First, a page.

In my work, I am usually involved in teaching either individuals, or pairs of students of a similar level. I have however run several group classes for Italians learning the English language on behalf of local business groups or community organisations in the region where I live. I have found that groups of students do present a completely different set of challenges from individuals, and my groups, which have been mostly made up of adults, rather than children, have shown me a stark comparison in the requirements for group dynamics and classroom management skills, despite the actual, physical and educational makeup of the group scenario being similar.
One of the first challenges I encounter when faced with a multi-level group is deciding how to divide my time between giving attention to individual students and the group as a whole. A group comprised of students all of a similar level in learning would obviously be ideal, but realistically improbable, plus the kind of work I am involved in doesn’t really allow for this and there always seemed to be someone who failed to keep up with the rest of the group, or who excels and wants to gallop ahead in front of the others. In these environments, we all tend to focus on this as a problem, yet constraints such as this can be used to your advantage if you take a little time to do some exploratory work from the start.
The approach I have chosen to take with my classes is to spend the first lesson assessing my group’s abilities and personalities. If you are clever you can usually find one or two natural classroom assistants in there who will willingly assist you with the others throughout the course. In fact, most of the students I choose get a kick out of the fact that I have asked them to help in the first place, it acts as a confidence booster for them and allows me to focus more on those who really need my time and attention. It is a very simple technique and a way to help everybody progress in the classroom. Whilst I see it as a management technique I have brought with me from my previous career, in that I delegate some tasks to those capable of doing them, in reality it is also something that you can use with kids to help boost issues of motivation, confidence and self assurance.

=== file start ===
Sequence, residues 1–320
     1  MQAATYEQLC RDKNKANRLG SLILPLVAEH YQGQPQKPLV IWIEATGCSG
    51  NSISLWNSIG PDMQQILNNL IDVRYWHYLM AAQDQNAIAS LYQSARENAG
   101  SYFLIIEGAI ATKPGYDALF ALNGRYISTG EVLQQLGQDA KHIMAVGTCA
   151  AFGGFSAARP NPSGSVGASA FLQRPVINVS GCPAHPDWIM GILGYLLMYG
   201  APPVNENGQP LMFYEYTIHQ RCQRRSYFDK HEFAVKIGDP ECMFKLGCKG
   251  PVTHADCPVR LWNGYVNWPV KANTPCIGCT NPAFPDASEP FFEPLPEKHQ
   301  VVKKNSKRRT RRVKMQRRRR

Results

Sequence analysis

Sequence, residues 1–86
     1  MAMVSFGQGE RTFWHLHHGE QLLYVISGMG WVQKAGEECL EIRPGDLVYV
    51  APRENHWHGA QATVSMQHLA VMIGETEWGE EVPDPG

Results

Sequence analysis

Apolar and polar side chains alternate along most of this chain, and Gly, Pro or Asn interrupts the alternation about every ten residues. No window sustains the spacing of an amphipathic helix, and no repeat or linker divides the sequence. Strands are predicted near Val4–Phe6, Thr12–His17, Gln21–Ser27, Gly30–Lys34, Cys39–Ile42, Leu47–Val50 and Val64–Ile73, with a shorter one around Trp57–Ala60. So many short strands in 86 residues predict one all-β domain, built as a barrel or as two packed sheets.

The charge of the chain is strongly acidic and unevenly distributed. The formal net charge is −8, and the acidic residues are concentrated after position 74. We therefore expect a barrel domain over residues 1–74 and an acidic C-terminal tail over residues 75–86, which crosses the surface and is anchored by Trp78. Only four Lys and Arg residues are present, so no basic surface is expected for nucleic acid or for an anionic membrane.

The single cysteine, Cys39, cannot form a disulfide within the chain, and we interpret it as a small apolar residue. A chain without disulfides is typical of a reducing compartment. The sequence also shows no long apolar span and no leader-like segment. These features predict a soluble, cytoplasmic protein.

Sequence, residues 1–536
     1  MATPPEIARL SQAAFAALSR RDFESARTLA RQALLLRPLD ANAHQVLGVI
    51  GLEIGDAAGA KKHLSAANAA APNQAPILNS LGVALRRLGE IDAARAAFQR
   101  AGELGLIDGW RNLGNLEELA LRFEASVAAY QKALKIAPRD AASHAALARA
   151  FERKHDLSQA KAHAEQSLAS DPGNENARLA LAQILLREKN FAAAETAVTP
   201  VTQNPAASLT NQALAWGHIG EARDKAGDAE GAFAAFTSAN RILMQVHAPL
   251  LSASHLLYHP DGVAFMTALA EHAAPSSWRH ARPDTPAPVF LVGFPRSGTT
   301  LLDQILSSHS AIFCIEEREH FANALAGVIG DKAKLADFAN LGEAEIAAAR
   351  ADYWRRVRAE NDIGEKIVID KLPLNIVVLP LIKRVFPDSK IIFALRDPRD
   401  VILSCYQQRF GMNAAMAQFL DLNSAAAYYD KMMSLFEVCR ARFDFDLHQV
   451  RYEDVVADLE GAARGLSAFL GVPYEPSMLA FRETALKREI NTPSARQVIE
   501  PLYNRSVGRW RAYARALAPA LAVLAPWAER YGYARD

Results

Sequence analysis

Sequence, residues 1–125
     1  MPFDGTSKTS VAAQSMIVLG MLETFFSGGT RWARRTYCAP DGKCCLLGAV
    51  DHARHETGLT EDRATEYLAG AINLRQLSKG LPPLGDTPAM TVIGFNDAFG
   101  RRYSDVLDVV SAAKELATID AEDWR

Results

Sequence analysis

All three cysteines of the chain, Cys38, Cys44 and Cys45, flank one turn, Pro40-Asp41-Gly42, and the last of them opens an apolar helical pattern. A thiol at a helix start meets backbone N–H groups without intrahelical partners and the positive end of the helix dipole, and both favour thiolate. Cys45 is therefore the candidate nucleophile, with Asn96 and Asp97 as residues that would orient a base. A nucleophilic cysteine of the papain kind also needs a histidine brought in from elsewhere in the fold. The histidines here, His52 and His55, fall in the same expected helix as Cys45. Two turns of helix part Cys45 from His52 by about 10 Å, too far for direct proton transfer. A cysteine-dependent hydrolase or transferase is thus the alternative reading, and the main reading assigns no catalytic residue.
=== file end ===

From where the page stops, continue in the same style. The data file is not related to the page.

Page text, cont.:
In truth, I have found that I can adopt many people management techniques easily in the classroom. Specifically with adults they can be extremely useful, sometimes invaluable and highly effective. Why? Well, once adults enter the workforce they immediately become familiar with hierarchical management and taking instructions. So, when faced with a troublesome student, someone who is disrupting the class either intentionally or not, I manage them in the same way I used to with my team back in the UK, and the group responds well to this, which may not work quite as well with a group of kids.
I have found that working with groups also hones your instant ability to assess the different needs and levels of students as they are often presented in sharp contrast with each other, side by side. In return, these abilities have been an invaluable aid to me with my individual students; I can assess their level of comprehension easier due to the comparisons I have noticed within the groups. I can also address solutions to their problems quicker, and can also see the advantages for some to transfer to a group or individual learning environment.
I have noticed that some students perform better in groups and progress much quicker, when individually they had struggled with some aspects of learning, but have been much better motivated since I introduced them into a group environment. Groups can be very good at motivating each other, as sometimes the peer pressure can push students to new levels and as long as it is managed effectively, all of those within the group can benefit. Peer pressure can also be called upon by an effective teacher to deal with strong personalities within a group, helping to calm them down and integrating them into the group as a whole, rather than having them trying to lead. I find adult peer pressure is the positive opposite of child peer pressure. Kids want other kids to fall down, whereas adults want to help other adults do well together.
All in all, I would say that teaching larger, multi-level classes helps to enhance both your teaching and interpersonal skills and is great at building confidence in your own abilities as a teacher. Teaching large classes with mixed abilities has been a fun experience for me personally. Overcoming some of the difficulties I have faced has been a challenge, but it has also been a great personal achievement and one that has actually made me a better teacher.